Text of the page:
Hadrian’s Library was created by Roman Emperor Hadrian in AD 132 on the north side of the Acropolis of Athens.
The building followed a typical Roman Forum architectural style, having only one entrance with a propylon of Corinthian order, a high surrounding wall with protruding niches (oikoi, exedrae) at its long sides, an inner courtyard surrounded by columns and a decorative oblong pool in the middle. The library was on the eastern side where rolls of papyrus “books” were kept. Adjoining halls were used as reading rooms, and the corners served as lecture halls.
Panoramic shot atop The Acropolis includes the Parthenon and a few random tourists. This shot begged to be in B&W so I said OK. Thanks to all who have been helpful by offering comments and advise as I experiment with black and white shots.
The first architectural competition to design a new museum was held in 1976 and was limited to participants from Greece. Both the 1976 competition and one that followed it in 1979 failed to produce any results mainly because the plots of land selected for the proposed constructions were deemed unsuitable.
An acropolis (from akros or akron, “highest”, “topmost”, “outermost” and polis, “city”) is a settlement, especially a citadel, built upon an area of elevated ground—frequently a hill with precipitous sides, chosen for purposes of defense.
The most famous example is the Acropolis of Athens, which, by reason of its historical associations and the several famous buildings erected upon it (most notably the Parthenon), is known without qualification as the Acropolis. Although originating in the mainland of Greece, use of the acropolis model quickly spread to Greek colonies such as the Dorian Lato on Crete during the Archaic Period.
After winning at Eurymedon in 468 BC, Cimon and Themistocles ordered the reconstruction of the southern and northern walls of the Acropolis. Most of the major temples, including the Parthenon, were rebuilt under the leadership of Pericles during the Golden Age of Athens (460–430 BC). Phidias, a great Athenian sculptor, and Ictinus and Callicrates, two famous architects, were responsible for the reconstruction.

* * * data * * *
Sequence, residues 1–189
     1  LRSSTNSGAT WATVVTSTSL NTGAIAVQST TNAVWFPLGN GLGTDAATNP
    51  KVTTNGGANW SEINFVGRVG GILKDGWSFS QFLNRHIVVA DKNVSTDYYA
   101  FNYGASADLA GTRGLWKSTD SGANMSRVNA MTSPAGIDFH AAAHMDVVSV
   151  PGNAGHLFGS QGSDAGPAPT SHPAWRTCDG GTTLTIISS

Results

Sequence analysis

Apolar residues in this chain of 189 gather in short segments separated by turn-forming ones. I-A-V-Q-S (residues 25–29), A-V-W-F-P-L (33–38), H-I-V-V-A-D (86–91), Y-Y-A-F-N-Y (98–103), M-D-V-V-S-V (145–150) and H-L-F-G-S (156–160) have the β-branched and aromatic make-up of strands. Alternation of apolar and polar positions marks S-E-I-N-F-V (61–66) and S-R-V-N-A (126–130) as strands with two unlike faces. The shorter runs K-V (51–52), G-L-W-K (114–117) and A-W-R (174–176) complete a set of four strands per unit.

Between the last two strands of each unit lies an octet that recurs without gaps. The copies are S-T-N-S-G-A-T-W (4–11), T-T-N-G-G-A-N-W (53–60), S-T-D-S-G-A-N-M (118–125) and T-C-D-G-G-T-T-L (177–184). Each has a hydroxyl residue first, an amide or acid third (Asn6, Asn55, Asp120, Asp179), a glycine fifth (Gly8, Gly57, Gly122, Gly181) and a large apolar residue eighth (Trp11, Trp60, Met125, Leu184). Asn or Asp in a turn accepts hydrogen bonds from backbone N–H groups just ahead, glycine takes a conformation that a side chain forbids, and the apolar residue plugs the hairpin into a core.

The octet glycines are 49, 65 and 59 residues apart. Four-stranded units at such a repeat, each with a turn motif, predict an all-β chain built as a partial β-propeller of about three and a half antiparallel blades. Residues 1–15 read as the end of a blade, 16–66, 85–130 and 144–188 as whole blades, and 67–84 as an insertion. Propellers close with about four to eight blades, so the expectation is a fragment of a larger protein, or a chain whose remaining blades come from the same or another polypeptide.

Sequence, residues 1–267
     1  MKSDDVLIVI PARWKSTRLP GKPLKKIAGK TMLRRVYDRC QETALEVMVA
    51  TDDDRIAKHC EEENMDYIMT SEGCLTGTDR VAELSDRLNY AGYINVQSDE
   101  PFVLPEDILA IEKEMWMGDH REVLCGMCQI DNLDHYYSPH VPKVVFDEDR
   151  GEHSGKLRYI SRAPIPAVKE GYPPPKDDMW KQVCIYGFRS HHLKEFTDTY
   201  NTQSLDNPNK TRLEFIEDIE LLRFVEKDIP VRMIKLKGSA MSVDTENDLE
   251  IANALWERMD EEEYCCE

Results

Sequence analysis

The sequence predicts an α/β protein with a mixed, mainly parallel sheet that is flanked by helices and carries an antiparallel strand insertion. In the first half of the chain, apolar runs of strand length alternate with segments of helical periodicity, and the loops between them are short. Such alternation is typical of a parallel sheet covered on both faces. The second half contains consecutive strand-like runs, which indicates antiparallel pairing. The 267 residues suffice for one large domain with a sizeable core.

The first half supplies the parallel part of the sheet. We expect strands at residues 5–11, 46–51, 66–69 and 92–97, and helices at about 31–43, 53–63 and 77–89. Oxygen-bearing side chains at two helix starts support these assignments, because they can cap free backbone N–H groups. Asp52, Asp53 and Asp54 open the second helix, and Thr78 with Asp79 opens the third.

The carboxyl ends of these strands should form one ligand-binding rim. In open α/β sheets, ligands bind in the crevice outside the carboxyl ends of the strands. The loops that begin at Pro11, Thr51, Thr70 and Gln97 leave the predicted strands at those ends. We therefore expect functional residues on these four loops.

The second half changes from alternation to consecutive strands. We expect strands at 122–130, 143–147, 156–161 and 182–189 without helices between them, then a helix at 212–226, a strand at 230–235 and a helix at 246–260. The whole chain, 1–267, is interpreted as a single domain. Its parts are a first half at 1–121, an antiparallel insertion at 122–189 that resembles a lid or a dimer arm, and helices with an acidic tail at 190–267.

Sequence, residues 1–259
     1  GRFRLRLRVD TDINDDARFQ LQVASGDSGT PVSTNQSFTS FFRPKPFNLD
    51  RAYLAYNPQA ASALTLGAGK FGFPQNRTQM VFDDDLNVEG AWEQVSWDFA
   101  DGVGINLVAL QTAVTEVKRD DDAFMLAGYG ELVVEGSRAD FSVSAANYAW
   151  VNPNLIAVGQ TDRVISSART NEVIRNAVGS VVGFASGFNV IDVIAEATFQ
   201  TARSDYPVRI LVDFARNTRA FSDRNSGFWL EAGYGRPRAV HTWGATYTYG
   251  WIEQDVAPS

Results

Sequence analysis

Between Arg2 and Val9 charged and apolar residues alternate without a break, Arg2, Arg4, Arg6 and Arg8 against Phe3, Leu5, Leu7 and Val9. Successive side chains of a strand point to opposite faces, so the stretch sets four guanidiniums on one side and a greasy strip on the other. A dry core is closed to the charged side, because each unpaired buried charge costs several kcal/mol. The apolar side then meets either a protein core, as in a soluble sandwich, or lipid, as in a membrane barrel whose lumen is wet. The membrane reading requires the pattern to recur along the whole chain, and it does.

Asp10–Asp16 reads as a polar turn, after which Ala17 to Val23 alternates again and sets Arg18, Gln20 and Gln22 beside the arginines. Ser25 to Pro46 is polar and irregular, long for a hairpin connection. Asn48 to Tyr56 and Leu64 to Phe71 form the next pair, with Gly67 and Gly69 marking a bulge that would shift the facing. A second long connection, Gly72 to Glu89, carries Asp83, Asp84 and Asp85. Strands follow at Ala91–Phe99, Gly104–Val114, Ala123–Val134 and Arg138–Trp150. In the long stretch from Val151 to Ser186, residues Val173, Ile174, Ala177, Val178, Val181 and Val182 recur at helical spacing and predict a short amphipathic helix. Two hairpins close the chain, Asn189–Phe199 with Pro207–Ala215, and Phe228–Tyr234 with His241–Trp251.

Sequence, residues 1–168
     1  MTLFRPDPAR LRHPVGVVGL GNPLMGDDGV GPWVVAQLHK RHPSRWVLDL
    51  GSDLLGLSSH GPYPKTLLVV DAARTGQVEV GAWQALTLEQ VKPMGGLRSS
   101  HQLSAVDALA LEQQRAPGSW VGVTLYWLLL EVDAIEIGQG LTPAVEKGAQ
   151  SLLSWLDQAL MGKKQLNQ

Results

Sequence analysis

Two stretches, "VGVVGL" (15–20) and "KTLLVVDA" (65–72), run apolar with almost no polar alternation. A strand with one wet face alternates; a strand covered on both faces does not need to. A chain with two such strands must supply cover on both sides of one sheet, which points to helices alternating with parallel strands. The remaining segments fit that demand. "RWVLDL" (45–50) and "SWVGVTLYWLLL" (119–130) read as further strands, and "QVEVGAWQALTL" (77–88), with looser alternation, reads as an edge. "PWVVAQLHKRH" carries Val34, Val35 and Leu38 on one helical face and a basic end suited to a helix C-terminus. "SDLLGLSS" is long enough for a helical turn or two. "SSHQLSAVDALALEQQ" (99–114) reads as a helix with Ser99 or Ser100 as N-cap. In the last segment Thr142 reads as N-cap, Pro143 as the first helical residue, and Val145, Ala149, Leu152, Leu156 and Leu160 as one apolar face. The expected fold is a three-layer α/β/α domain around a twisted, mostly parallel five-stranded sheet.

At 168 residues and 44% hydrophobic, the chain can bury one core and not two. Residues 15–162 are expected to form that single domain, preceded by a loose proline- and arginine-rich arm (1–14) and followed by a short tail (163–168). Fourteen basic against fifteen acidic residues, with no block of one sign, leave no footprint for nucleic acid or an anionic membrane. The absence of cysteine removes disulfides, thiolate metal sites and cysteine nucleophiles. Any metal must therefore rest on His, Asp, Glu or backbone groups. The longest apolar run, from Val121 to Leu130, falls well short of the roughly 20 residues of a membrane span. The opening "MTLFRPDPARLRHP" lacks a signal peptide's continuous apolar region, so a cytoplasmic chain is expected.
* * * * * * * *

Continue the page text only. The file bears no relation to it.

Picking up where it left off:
In 437 BC, Mnesicles started building the Propylaea, a monumental gate at the western end of the Acropolis with Doric columns of Pentelic marble, partly built upon the old propylaea of Peristratus. These colonnades were almost finished in 432 BC and had two wings, the northern one decorated with paintings by Polygnotus.
The Acropolis is a site where perfection is commonplace. The sight of the Acropolis was like a revelation of the divine. “The whole world then appeared to me barbarian” said Ernest Renan in prayer on the Acropolis.
According to the historian Pedley, “the work…was carried out under the supervision of Phidias. In fact, Plutarch says that Phidias was in charge of the whole of Pericles’ scheme” (251). Hundreds of artisans, metal workers, craftspeople, painters, woodcarvers, and literally thousands of unskilled labourers worked on the Acropolis. Phidias created a gold and ivory statue of Athena which stood either in the Parthenon, known as the Temple of Athena Parthenos (‘Athena the Virgin’ in Greek), or in the centre of the Acropolis near the smaller temple of Athena. During the Panathenaic festival, celebrants would carry a new robe to the ancient wooden cult statue of Athena, housed in the Erechtheion.
The area around the Erechtheion was considered the most sacred of the Acropolis. The Erechtheion was a complex marble building in the Ionic order, an exceptional artwork. The eastern part of the Temple was dedicated to Athena, whilst the western part was dedicated to local hero Boutes, Hephaistos and other gods and heroes. Thus, the Erechtheion was a temple with multiple functions, housing older and newer cults, and the site of the ‘Sacred Tokens’, the marks made by Poseidon’s trident and the olive tree, the gift of Athena to the city of Athens.
Nike means victory in Greek, and Athena was worshipped in this form, as goddess of victory in war and wisdom. The citizens worshipped the goddess in hope of a prosperous outcome in the long Peloponnesian War fought on land and sea against the Spartans and their allies.
The Temple of Athena Nike is a temple on the Acropolis of Athens. Built around 420BC, the temple is the earliest fully Ionic temple on the Acropolis. It has a prominent position on a steep bastion at the south west corner of the Acropolis to the right of the entrance, the Propylaea. In contrast to the Acropolis proper, a walled sanctuary entered through the Propylaea,